What are the weekly nutritional needs for market hogs?
A good guideline for age weight daily consumption feed is as follows:
8 weeks @ 40 pounds: 1-2 pounds pelleted starter-grower, 17-18% crude protein
12 weeks @ 75 pounds: 2.5-3 pounds grind and mix, 15% protein
16 weeks @ 125 pounds: 4-5 pounds grind and mix, 15% protein
To market 230 pounds: 6-7 pounds grind and mix, 14-15% protein
Market hogs require a good, balanced feed for optimal health and performance, with pasture and woodland providing supplementary nutrition. The Niche Pork Production Handbook includes sections on feed budgets, nutrition, and managing feed costs. All of these topics are important for success. In Reducing the Cost of Pig Diets, the authors note that actual data from nine niche hog operations showed a 4:1 feed conversion ratio: that is, it took four pounds of feed to get one pound of gain. Although this may give a starting point for figuring how much feed you will need, feeding your own pigs in your own management system will give you much better information.
As hogs get older and heavier, feed conversion drops (it takes more feed to get a pound of gain). As shown above, young pigs need more protein. If older pigs are fed protein at this level, it is a wasteful expense. Adapting the ration to the stage of growth will save money and result in better gains. For raising a few pigs (the test batch), it will work to buy 50-pound bags of feed from your local cooperative. It will be more expensive, but also fresher. Once you get past the test batch, though, feed becomes much more of an issue.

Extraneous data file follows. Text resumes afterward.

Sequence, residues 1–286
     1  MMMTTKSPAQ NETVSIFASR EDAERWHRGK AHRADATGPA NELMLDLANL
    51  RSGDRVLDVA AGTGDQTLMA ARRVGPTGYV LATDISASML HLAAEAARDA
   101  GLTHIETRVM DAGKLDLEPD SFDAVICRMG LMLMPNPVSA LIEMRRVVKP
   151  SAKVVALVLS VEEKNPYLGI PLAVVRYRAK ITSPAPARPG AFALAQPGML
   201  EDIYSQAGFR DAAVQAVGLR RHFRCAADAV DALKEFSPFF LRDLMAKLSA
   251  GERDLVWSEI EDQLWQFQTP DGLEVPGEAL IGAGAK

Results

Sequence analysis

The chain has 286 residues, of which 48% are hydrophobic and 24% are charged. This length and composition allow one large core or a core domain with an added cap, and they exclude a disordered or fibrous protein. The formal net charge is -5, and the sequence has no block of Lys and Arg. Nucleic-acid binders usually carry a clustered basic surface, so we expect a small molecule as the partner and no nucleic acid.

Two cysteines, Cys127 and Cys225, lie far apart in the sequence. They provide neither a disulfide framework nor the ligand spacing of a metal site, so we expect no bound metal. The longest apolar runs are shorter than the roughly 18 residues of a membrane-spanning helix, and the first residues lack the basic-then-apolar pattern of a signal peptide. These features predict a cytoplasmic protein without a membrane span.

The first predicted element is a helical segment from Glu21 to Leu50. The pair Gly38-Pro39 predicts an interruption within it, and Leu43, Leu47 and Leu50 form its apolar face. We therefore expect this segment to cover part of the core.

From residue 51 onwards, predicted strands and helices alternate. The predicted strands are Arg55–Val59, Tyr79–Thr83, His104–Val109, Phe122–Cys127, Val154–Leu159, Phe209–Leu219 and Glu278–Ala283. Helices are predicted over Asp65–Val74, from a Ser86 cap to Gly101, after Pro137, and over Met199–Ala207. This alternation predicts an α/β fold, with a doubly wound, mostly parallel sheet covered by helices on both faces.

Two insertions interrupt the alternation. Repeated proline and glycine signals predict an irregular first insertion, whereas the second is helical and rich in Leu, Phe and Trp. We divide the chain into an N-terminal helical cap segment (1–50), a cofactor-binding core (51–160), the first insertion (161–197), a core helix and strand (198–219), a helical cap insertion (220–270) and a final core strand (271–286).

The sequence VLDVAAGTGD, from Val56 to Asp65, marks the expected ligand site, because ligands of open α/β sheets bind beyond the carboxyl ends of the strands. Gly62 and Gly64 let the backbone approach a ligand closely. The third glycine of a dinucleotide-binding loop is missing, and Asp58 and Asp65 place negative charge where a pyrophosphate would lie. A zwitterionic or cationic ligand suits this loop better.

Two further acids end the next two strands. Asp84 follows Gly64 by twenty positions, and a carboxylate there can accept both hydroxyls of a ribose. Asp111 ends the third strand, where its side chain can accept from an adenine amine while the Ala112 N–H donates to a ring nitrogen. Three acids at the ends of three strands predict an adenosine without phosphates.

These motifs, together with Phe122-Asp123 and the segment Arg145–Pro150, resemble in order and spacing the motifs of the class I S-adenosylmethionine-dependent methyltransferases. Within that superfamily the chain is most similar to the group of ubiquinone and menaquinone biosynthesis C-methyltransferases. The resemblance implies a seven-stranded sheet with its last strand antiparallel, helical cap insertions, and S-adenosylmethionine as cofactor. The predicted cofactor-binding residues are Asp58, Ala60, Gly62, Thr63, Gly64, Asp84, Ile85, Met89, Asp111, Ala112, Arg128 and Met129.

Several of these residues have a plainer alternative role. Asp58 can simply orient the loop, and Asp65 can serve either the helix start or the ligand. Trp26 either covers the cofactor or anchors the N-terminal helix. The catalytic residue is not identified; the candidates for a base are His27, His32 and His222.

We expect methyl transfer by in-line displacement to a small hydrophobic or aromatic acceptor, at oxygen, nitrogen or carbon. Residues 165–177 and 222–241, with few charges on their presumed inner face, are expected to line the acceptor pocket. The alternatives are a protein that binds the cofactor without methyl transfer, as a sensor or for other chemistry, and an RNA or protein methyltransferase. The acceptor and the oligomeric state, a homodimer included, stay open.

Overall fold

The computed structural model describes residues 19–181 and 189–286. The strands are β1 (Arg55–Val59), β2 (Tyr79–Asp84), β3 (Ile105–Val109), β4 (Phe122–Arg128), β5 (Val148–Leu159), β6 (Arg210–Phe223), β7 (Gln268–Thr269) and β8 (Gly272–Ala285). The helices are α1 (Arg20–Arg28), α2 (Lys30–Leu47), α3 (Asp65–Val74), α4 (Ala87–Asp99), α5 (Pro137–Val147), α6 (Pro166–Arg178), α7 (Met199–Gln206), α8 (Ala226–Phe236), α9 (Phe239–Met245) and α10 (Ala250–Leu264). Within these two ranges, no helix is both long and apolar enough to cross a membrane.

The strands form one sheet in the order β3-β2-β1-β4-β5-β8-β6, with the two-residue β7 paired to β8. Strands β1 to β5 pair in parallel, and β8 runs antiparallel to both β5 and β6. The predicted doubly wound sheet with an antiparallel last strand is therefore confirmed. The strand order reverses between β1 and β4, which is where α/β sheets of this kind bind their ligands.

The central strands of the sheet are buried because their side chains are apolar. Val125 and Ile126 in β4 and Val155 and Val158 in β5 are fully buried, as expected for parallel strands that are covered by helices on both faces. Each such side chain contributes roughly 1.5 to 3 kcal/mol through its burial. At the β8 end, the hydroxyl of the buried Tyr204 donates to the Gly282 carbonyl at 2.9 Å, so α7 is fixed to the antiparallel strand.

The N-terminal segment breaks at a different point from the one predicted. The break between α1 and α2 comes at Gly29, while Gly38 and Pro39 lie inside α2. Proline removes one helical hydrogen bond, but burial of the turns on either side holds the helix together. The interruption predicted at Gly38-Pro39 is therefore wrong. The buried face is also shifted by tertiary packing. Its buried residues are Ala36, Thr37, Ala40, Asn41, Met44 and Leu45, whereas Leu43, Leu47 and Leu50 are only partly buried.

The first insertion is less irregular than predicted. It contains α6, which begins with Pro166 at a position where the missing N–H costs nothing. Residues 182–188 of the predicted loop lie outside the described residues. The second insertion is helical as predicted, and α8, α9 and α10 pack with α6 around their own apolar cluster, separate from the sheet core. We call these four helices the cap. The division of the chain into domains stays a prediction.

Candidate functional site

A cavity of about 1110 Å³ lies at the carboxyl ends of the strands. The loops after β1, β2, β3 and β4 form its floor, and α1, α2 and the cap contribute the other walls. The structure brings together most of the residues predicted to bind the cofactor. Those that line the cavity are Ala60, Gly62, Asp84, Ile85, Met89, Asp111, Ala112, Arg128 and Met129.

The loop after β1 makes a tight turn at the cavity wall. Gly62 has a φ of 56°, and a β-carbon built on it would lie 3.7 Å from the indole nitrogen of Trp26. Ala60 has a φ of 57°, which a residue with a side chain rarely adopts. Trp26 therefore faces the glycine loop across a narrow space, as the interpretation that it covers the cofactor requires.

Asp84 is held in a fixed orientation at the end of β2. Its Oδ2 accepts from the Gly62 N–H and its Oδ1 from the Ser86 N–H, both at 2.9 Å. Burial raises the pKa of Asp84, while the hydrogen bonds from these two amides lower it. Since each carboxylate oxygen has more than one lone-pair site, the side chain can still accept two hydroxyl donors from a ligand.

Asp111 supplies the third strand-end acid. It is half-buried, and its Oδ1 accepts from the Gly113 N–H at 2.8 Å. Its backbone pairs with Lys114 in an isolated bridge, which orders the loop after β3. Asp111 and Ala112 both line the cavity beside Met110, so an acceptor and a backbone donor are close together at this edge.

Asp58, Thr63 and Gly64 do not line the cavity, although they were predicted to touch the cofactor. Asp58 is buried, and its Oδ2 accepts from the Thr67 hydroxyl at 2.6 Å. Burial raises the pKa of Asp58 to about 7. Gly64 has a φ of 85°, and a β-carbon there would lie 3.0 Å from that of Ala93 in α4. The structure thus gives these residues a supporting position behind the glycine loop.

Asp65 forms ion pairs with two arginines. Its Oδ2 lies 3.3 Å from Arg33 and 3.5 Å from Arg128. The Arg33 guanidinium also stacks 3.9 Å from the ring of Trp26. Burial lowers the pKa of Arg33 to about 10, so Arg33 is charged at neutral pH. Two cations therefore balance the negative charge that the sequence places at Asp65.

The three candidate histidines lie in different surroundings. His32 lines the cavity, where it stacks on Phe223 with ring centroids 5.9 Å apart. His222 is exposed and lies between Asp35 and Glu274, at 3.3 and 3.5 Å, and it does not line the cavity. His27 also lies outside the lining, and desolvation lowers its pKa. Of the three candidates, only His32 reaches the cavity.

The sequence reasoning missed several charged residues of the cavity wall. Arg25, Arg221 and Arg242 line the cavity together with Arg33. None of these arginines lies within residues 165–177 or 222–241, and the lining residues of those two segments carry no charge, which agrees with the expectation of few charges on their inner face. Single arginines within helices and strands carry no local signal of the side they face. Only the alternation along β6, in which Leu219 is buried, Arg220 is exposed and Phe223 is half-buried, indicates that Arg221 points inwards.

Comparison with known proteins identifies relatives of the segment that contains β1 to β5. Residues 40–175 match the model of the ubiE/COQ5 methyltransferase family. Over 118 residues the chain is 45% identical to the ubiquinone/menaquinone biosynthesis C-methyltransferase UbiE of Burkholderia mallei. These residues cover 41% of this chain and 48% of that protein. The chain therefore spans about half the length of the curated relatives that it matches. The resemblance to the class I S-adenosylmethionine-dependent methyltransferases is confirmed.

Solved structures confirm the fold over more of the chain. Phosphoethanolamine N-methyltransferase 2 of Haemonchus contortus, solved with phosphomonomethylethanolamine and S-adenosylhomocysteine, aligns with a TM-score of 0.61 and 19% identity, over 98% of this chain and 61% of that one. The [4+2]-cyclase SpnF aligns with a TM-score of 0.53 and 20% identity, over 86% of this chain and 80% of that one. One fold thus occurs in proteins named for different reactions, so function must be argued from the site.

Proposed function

For young pigs (under 100 pounds), don’t plan on the forage providing much nutrition. The pigs cannot digest it well. As they adapt to forage, they will begin to eat more of the pasture. They must be rotated to protect the pasture and to reduce internal parasite infestation. For the best meat quality, pigs need full feed (all they can eat); they will grow faster and the meat will be more tender. Don’t restrict feed for growing hogs. Self-feeders work well because hogs will not overeat. Allow a self-feeder space for every three to five hogs, so that all pigs will get their share.
Learn all about hog production in the new ATTRA publication Hogs: Pastured or Forested Production. It covers marketing, breeds, processing, health, handling, and more.
You’ll find a host of additional useful resources in the Livestock and Pasture: Hogs section of the ATTRA website.